The internal administration of the FIA has also been significantly restructured in order to increase efficiency, decrease costs, improve revenue and establish a coherent framework in line with modern corporate norms. The development of key support services such as human resources, procurement, legal and finance has contributed to increased revenue levels and as just one example, the recently established marketing department generated a net additional income of €1.5 million in 2012 alone. Elsewhere, expert staff have been recruited to replace external consultants which has led to further savings. Indeed, the restructuring initiatives taken over the past four years have seen the FIA’s finances improve, with revenues considerably stronger now than in 2009.

A memorandum of understanding was entered into with the FIA Foundation, to secure long-term regular financial benefits for our Clubs. Our World Councils and Senate are now represented on the Foundation Board of Trustees.

Under the stewardship of Jean Todt and his team the FIA has become a forward looking body that champions innovation and progress, both on the road and the race track

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A Federation for innovation

In motor sport, sports car racing has been revitalised through the establishment of the World Endurance Championship (WEC) in association with France’s ACO. Carefully targeted regulations have firmly put the series’ focus on technical innovation, with manufacturers in the series’ top class encouraged to investigate and promote future technologies.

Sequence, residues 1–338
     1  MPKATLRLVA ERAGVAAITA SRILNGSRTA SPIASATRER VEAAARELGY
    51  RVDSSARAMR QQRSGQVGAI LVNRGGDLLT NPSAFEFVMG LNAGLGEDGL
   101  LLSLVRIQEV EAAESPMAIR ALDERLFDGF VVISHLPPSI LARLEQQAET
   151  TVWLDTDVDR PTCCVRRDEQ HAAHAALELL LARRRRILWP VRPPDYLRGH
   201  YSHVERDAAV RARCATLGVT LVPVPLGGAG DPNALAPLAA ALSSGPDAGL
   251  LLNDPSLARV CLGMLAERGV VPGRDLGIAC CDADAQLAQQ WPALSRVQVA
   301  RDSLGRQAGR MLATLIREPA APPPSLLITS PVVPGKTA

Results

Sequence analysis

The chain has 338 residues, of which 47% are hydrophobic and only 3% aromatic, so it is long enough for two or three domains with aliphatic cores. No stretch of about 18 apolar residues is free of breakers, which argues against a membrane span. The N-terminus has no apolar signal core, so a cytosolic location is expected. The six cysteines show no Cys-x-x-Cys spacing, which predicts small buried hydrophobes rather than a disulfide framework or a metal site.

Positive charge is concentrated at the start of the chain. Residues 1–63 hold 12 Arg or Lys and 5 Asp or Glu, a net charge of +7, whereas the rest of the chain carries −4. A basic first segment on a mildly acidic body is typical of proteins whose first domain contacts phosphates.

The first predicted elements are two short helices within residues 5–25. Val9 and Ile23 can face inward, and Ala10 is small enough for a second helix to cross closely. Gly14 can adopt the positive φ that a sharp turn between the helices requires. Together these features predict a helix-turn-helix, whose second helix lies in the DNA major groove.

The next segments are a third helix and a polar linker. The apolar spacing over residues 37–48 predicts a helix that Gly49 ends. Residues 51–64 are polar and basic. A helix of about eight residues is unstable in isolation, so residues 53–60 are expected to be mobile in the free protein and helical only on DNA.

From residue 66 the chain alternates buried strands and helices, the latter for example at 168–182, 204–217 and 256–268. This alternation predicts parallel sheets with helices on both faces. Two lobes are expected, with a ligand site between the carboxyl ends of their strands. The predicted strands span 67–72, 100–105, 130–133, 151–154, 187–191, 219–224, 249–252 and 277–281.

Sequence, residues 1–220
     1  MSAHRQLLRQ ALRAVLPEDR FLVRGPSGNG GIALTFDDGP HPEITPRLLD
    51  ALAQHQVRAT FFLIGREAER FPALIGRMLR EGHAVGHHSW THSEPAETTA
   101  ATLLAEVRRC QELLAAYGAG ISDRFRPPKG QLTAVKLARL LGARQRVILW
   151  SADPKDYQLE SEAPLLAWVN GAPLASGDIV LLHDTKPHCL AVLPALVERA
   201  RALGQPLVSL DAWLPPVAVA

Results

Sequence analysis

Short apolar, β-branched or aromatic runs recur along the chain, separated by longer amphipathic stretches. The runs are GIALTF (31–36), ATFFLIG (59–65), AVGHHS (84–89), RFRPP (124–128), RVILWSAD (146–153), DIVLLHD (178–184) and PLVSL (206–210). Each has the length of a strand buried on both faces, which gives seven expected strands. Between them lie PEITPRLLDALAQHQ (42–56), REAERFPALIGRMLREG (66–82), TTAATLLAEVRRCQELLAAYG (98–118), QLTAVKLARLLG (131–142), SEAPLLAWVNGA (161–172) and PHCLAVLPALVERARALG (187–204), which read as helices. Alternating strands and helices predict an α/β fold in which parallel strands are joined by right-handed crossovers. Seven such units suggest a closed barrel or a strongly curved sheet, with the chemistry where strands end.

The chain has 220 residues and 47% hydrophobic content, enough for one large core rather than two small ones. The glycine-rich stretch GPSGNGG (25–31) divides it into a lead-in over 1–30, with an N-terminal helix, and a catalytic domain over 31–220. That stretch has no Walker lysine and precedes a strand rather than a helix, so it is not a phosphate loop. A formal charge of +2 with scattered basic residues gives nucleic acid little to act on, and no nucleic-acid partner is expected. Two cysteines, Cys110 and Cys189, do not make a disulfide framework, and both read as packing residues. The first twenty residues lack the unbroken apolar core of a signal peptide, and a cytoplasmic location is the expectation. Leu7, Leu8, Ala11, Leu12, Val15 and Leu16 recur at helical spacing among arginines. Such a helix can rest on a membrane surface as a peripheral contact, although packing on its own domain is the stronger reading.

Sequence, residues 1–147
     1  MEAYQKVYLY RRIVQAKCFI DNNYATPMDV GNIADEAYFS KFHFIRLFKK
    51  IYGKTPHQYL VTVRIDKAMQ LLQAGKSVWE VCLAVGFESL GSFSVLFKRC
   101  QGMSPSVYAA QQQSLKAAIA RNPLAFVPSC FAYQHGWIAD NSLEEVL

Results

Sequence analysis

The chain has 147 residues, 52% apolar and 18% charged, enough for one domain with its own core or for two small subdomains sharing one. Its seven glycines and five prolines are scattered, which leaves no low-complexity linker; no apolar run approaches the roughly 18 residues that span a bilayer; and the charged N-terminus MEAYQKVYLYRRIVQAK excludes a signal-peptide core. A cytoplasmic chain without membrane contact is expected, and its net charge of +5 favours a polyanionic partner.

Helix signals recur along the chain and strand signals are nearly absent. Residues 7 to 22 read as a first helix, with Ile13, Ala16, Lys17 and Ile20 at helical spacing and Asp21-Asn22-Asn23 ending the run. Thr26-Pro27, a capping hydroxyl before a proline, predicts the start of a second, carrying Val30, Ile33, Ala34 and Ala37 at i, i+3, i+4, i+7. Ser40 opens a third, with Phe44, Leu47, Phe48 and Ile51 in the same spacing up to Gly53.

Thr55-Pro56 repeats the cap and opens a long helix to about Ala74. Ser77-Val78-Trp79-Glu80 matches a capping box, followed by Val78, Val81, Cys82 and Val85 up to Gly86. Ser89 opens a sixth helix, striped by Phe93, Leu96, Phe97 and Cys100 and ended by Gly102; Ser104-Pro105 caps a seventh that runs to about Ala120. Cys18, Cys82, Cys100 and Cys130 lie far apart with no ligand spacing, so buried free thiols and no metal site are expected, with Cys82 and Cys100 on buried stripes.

Furthering the aim of sustainability and alternative power sources, the cutting edge, electric-powered Formula E series is set to thrill fans and promote innovation when its inaugural season begins in 2014 with a series of exciting city centre-based races.

The push for road relevance continues at the highest level, with Formula One set to debut a new 1.6 litre, turbo-charged hybrid engine next year.

This spirit of innovation extends to the FIA’s Mobility arm, where, as mentioned, the establishment of the FIA University has been a radical yet successful step in promoting best practice among Mobility clubs worldwide, and is now moving forward to provide focused training for Sports Clubs.

The administration’s determination to match the rapid pace of change enveloping the Mobility sector has seen it conduct key work on the Contact Group for the Global Fuel Economy Initiative and we have also worked with manufacturers through the Mobility Working Group of the Manufacturers’ Commission, to identify opportunities and jointly support further progress on eco-driving.

In Sport, at Goodwood, the FIA with the support of the FIA Institute put forward a new Sustainability Programme to place environmental concerns at the heart of motor sport.

The FIA joins the international family of sports organisations and increases its global road safety engagement